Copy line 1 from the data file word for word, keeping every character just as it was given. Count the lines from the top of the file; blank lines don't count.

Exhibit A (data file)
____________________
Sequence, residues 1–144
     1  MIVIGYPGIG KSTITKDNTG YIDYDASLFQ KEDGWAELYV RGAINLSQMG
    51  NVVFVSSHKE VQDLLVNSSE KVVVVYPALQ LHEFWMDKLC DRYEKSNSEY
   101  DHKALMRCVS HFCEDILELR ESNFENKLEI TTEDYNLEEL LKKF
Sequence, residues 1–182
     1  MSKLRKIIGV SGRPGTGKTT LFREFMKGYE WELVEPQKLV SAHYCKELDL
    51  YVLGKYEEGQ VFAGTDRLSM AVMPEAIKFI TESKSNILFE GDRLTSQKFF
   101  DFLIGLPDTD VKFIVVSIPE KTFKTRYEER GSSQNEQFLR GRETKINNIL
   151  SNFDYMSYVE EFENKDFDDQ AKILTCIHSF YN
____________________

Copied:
Sequence, residues 1–144